Face has changed but fear remains
As the West's war on terror intensifies, Muslims are increasingly becoming the focus of suspicion in Britain. Their predicament, writes David Cesarani, bears striking similarities to the experiences of immigrant Jews in the early 20th century
The war on terror has focused uncomfortable light on Britain's Muslim population. The glare has intensified since two of them recently became suicide bombers. But files newly released by the National Archives - formerly the Public Record Office, Kew - reveal that this is not the first time there has been a panic about immigrants importing terrorism. What may come as a surprise is that for much of the 20th century, Jews were the main source of anxiety.
In August 1946, Percy Sillitoe, the director-general of MI5, briefed prime minister Clement Attlee about a new threat to the country. He explained that underground groups in British-controlled Palestine who were waging a terror campaign to secure a Jewish state were planning to launch attacks on targets in the UK. Specifically, he told Attlee, it was feared that members of the Stern Gang and Irgun Zvi Leumi would join forces to send "five 'cells' to London to work on IRA lines".
Sillitoe warned: "Should such plans for extending their activities abroad be realised by Irgun or Stern, we might be faced with a real danger of assassinations or the sabotage of important buildings in this country, and particularly in London." More specifically, MI5 said the Stern Gang - which had already murdered Lord Moyne, the British minister, in Cairo, in 1944 - was plotting to kill another leading British politician, possibly foreign minister Ernest Bevin.
Consequently, the security services insisted on scrutinising all visa applications made by Jews in the Middle East intending to visit the UK, while Special Branch monitored the activity of the rightwing Zionist youth group Betar, which it suspected rather ludicrously of dangerous extremism.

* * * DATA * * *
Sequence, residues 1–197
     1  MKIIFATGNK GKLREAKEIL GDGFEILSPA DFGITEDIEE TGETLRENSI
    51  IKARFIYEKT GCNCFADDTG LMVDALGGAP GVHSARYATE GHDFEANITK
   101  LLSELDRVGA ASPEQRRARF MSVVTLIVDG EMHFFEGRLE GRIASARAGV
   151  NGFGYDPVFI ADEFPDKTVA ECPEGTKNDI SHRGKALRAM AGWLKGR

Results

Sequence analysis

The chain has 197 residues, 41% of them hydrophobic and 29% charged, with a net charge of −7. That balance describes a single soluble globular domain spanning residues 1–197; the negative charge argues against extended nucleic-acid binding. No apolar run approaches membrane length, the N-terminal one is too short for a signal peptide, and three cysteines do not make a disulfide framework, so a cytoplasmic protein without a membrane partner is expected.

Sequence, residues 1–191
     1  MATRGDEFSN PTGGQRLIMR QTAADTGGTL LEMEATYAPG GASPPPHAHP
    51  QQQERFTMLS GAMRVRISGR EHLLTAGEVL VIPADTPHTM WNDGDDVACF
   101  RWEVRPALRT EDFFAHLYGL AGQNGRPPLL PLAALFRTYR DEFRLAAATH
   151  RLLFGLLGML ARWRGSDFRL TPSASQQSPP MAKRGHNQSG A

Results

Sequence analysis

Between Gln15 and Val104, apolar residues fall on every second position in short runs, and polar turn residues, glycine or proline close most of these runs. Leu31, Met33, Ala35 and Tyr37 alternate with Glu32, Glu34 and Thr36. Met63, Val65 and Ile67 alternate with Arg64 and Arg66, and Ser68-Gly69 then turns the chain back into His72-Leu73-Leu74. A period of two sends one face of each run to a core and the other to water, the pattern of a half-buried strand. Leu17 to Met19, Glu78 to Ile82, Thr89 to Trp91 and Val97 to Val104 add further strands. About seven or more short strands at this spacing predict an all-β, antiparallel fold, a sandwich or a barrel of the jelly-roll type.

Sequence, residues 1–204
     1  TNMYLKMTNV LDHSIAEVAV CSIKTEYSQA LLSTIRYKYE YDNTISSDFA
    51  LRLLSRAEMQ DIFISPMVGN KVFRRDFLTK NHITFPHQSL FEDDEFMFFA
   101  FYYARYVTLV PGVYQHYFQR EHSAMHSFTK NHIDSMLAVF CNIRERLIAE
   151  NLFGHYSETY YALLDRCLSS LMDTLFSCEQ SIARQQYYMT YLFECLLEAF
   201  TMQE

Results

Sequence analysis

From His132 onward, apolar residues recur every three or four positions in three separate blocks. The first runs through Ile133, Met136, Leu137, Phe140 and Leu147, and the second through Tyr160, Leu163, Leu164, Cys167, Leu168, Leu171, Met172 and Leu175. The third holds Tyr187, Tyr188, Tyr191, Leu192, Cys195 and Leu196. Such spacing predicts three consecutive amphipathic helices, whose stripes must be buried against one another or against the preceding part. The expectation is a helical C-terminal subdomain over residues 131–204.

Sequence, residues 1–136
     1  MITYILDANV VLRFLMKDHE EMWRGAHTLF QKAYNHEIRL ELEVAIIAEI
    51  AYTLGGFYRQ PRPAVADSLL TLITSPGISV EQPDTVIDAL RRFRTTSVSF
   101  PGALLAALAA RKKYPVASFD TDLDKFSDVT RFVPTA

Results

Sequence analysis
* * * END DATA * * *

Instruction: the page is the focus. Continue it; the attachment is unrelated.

These alarms came to nothing, but the press continued to carry scare stories and, in January 1947, a Sunday Times editorial challenged British Jews to denounce Jewish terrorism. The ploy left the Jewish leadership in a quandary. They were damned if they condemned the terror campaign, thus affirming its existence, or branded as traitors if they did not. But there was nothing new in the identification of Jews with treason and terrorism or the game of playing off "moderates" against "extremists".
During the 1880s, Russia led an international war on terrorism. By terrorists, the regime meant the revolutionaries who aimed to overthrow tsarist autocracy. But Russia used outrages perpetrated by Russian exiles to internationalise its fight. The resulting pervasive dread of "anarchism" was powerfully evoked in Joseph Conrad's novel The Secret Agent . This book was set in London, which was the destination for tens of thousands of Russian Jews escaping from poverty and persecution.
The Jewish immigrant community in the East End of London was the base for a lively exile political life. It was also home to extremists from various revolutionary factions. In January 1909, two Jewish revolutionaries from the Russian empire used firearms in a raid on a payroll van in Tottenham.
The raid turned into a massacre. Two people were killed and more than 20 wounded, including seven police officers. In the final shoot-out, one of the raiders was killed and the other fatally wounded.
The "Tottenham Outrage" sparked demands for tighter controls on immigration. The local Tottenham and Edmonton Herald declaimed: "Somehow it seems impossible to shut these undesirables out of our country. They not only hatch mischief, but perpetrate crime. There was an Aliens Act passed by Parliament not so long ago, but it has not been of much service."
In December 1910, police interrupted a group of Russian Jewish revolutionaries breaking into a jewellery shop in Houndsditch. An exchange of fire between the armed officers and the gang left three policemen dead and two wounded. One Jew was also shot.
The gang members were traced to lodgings in Sidney Street in the Jewish East End. After the police officers who were sent to arrest them were fired on, home secretary Winston Churchill authorised the use of troops. During the ensuing "Siege of Sidney Street", soldiers from the Tower of London poured fire into the hideout. Two of the revolutionaries died in the assault.